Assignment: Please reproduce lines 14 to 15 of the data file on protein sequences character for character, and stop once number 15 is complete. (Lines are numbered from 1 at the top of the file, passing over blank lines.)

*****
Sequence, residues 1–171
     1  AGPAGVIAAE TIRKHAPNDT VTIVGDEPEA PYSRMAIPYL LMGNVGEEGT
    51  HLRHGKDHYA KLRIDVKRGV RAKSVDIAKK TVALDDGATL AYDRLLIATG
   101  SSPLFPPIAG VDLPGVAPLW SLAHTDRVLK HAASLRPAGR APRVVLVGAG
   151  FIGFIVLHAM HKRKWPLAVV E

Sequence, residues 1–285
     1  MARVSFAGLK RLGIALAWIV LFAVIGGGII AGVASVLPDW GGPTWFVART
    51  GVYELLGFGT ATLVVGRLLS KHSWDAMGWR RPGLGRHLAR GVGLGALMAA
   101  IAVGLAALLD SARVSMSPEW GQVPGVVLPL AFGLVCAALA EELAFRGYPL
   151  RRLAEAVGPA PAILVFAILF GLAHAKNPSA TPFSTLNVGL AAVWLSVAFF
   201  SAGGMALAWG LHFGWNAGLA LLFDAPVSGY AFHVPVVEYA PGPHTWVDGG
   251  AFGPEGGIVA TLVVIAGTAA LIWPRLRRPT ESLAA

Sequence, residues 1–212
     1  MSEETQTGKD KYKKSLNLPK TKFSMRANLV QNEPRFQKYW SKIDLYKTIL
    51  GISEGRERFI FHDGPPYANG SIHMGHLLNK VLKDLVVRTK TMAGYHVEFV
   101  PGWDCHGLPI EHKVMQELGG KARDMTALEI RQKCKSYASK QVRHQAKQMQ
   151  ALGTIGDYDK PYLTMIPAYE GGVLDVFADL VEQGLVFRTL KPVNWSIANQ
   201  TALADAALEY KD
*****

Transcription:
     1  MSEETQTGKD KYKKSLNLPK TKFSMRANLV QNEPRFQKYW SKIDLYKTIL
    51  GISEGRERFI FHDGPPYANG SIHMGHLLNK VLKDLVVRTK TMAGYHVEFV